On May 4, 1897, the charter of "Greater New York" becomes law. It is entitled,

"An act to unite into one municipality under the corporate name of the City of New York, the various communities lying in and about New York harbor, including the City and County of New York, the City of Brooklyn and the County of Kings, the County of Richmond, and part of the County of Queens, and to provide for the government thereof."

The new city was comprised of five boroughs of Manhattan (New York County), Borough of The Bronx, Brooklyn (Kings County), Queens (Queens County), and Staten Island (Richmond County), totaling 359 square miles. The population around this time was 3.1 million and was expanding rapidly due to massive immigration and growing industries at the turn of the century. The future New York City was the second largest city in the world, exceeded only by London.


A call for consolidating the city and outlying communities first seriously began in 1868. Champions of consolidation feared that other booming urban areas would surpass New York City into second place among the nation's great cities. Advocates of independence argued that consolidation would cause Brooklyn to lose its identity, becoming a mere appendage of New York City. Brooklyn was the nation's third largest city at the time.

A member of the Board of Commissioners of Central Park introduced the idea. Andrew H. Green, later known as "the Father of Greater New York" made an eloquent plea before the Legislature for the creation of a greater city. A commission to study consolidation was created as a result, and although the plan presented several bills for the creation, each was defeated. Finally, in 1894, Mayor Thomas F. Gilroy told the Common Council it was the destiny of the city to be enlarged to encompass the metropolitan area. After several vetoes, the Charter was finally approved by the new Governor Frank S. Black, on May 4, 1897.


THE CHIEF EXECUTIVE is the Mayor, to be elected for a four-year term at the general election in November, 1897; it is to be noted that this is the "off-year," not the year for federal and state elections. Administrative departments under the Mayor include law, police, water supply, highways, street cleaning, sewers, public buildings, lighting and supplies, bridges, parks, buildings, public charities, correction, fire, docks and ferries, taxes and assessments, education, and health. At the head of each is a commissioner or a board.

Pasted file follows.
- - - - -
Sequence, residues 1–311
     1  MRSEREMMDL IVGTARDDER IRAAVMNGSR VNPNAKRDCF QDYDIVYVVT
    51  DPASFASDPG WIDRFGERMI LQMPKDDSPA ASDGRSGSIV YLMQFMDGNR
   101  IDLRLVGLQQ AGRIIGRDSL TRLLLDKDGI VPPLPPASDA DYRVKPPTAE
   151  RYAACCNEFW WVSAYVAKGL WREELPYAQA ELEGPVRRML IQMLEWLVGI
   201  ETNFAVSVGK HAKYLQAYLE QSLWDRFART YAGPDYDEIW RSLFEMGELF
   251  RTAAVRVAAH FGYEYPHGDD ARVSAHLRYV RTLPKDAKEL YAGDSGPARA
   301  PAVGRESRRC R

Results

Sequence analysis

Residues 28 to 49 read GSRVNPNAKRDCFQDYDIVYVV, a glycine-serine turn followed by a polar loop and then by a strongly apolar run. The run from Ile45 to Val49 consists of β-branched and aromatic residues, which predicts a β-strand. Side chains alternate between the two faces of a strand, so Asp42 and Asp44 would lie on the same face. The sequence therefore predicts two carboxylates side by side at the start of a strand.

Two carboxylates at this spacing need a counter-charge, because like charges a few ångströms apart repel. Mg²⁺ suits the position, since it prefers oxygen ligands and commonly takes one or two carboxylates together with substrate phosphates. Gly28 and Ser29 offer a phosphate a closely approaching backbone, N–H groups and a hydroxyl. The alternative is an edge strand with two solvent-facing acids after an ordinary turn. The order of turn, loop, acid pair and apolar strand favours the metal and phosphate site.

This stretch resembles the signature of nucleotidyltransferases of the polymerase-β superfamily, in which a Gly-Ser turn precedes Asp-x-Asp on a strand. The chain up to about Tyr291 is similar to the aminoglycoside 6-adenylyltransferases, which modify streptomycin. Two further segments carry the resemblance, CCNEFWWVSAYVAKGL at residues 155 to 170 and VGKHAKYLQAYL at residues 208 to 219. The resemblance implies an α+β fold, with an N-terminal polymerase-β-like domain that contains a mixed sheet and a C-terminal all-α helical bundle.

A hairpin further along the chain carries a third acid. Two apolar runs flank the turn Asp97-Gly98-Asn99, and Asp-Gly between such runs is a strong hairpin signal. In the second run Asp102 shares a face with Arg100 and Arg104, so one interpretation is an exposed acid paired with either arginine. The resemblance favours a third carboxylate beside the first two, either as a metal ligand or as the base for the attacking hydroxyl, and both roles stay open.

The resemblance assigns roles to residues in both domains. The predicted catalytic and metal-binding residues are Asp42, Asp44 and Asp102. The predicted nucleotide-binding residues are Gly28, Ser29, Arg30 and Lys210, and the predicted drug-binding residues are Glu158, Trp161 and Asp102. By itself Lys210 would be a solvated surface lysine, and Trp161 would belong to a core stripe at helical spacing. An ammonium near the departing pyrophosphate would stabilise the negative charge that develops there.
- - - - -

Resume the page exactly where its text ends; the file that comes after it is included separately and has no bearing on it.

LEGISLATIVE POWER is vested in "The Municipal Assembly of the City of New York," comprising a council and a board of aldermen. The former is to have 28 members, elected from "council districts" for a term of four years, plus a president to be chosen on a general ticket. The latter is to receive $5,000 salary, the other members, $1,500. Every ex-Mayor of "The City of New York," so long as he remains a resident, shall be entitled to a seat in the Council without a vote.

ALL ORDINANCES or resolutions are subject to the Mayor's veto, but may be passed over the veto by a two-thirds vote in each branch, provided that "in case the ordinance or resolution involves the expenditure of money, the creation of a debt, the laying of an assessment, or the grant of a franchise," it shall require a five-sixths vote. Among other powers specifically authorized are the acquisition of additional water-works, restricting the height of buildings to be hereafter erected, granting franchises (limited to 25 years) for street railways, and the maintenance and regulation of ferries.

Historical events in New York City preceding and following consolidation
E-mail stories and photos on your family history in NYC
Historic plans for centennial celebrations

Go to Home
Contact Us | FAQs | Privacy Statement | Site Map